The World Health Organization's chief says she has convened an expert committee to consider whether the Rio De Janeiro Olympics should proceed as planned, following recent concerns raised about the threat of the Zika virus.
In a request last month, U.S. Senator Jeanne Shaheen asked WHO's Director-General Dr. Margaret Chan to evaluate whether the Rio games should be delayed or postponed.
Chan said in a letter released by Shaheen Friday that WHO has sent senior scientists to Brazil four times to assess the risk of Zika to the approximately 500,000 athletes and visitors expected to attend the Aug. 5-21 Olympics.
"Given the current level of international concern, I have decided to ask members of the Zika Emergency Committee to examine the risks of holding the Olympic Summer Games as currently scheduled," Chan wrote.
Chan said she "deeply appreciate[d]" the concerns raised by Shaheen in her original letter to WHO last month, which cited a commentary by Canadian professor Amir Attaran. He argued that holding the Olympics as planned would result in the avoidable birth of brain-damaged babies.
Last month, Attaran and more than 200 other experts signed an open letter asking WHO to convene an independent group to consider if the games should be delayed or moved "in the name of public health." WHO rejected such calls and said "cancelling or changing the location of the 2016 Olympics [would] not significantly alter the international spread of Zika."
Most people infected by Zika suffer only minor symptoms including fever, a rash and muscle or joint pain. The virus can also cause severe birth defects, including babies born with abnormally small heads.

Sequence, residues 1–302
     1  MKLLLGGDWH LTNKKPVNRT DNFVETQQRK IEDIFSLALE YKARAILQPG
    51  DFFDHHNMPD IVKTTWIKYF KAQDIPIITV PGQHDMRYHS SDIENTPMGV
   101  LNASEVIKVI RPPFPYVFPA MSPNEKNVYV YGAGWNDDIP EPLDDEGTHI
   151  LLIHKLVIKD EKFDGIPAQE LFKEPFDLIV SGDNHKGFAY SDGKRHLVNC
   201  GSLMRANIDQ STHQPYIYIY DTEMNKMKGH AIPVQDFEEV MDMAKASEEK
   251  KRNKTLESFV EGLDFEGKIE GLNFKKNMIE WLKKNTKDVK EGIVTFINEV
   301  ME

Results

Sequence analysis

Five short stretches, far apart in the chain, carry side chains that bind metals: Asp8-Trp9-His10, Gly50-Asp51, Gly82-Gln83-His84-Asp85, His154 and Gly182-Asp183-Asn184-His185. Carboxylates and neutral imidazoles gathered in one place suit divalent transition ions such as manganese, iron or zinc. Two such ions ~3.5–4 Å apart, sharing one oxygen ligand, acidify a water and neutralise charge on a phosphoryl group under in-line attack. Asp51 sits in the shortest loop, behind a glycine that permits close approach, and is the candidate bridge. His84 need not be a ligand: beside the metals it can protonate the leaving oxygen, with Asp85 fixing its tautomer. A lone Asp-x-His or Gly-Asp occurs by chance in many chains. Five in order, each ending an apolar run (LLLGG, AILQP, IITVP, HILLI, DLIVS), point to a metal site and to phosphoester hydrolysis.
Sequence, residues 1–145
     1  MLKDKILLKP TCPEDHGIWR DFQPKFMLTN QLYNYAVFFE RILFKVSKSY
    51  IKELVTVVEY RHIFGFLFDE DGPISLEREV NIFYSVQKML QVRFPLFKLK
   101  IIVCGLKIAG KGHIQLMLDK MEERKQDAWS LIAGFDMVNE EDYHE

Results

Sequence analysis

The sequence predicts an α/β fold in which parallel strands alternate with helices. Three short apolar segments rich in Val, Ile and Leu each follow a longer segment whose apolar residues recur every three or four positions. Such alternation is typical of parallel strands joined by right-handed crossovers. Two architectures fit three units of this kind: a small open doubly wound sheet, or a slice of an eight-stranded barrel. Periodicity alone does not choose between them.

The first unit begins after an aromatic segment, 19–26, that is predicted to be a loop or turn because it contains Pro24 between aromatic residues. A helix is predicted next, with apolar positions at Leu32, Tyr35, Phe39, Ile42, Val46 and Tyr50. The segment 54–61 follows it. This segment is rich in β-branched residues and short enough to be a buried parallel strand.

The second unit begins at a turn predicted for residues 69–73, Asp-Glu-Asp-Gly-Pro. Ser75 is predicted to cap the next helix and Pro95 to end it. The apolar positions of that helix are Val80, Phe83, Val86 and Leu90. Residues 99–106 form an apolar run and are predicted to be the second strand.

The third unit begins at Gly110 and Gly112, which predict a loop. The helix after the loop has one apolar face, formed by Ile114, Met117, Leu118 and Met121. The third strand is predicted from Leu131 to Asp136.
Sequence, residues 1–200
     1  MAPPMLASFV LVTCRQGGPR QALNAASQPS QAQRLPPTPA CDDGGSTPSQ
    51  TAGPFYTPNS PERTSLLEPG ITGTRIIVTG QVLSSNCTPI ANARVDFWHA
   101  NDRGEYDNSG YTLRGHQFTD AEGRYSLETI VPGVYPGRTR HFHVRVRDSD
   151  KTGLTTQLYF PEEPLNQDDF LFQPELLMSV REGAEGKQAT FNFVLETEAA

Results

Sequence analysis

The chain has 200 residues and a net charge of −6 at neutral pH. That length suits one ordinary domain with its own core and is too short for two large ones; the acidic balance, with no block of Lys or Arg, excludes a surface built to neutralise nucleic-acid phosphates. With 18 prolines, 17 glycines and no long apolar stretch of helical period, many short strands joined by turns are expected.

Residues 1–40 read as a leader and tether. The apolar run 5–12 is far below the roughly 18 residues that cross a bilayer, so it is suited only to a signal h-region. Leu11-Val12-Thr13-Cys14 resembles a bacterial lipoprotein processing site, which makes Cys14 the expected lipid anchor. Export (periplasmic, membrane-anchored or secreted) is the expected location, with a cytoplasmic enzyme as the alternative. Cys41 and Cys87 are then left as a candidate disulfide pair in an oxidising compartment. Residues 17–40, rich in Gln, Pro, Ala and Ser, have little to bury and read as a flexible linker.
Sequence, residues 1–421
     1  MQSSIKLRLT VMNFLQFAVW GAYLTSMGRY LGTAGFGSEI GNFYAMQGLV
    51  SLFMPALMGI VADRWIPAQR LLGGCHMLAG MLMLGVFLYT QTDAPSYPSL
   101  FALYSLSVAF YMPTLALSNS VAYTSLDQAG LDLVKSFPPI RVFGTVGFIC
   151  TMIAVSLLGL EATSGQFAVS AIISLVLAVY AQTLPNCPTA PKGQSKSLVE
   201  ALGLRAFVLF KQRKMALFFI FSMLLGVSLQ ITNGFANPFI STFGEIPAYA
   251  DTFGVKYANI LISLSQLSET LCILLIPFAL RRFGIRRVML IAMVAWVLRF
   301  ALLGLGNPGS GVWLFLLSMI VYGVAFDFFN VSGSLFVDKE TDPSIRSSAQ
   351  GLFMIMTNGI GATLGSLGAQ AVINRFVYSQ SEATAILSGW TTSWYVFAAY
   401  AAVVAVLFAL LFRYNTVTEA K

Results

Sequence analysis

WHO declared the Zika epidemic to be a global emergency in February and in its latest assessment this week, said it "does not see an overall decline in the outbreak."
WHO has already advised pregnant women not to go to Rio and says other travellers should avoid poor and overcrowded parts of the city. The UN agency also predicted the Zika risk in August would drop since it will be the south American winter and there should be fewer mosquitoes to transmit the virus.
Critics have charged that WHO has an overly close relationship with the International Olympic Committee that renders the UN health agency unable to provide objective health advice. In recent years, WHO established a group to help cities not only with health advice, but to potentially help them bid for major events like the Olympics.
IOC president Thomas Bach refuted claims the organization had pressured WHO to shirk its public health responsibilities.
"There is no pressure whatsoever," Bach said Friday in Lausanne. "We are grateful for the co-operation with the WHO which is giving us the information, which is helping us with data, which is helping everybody by giving advice on travel."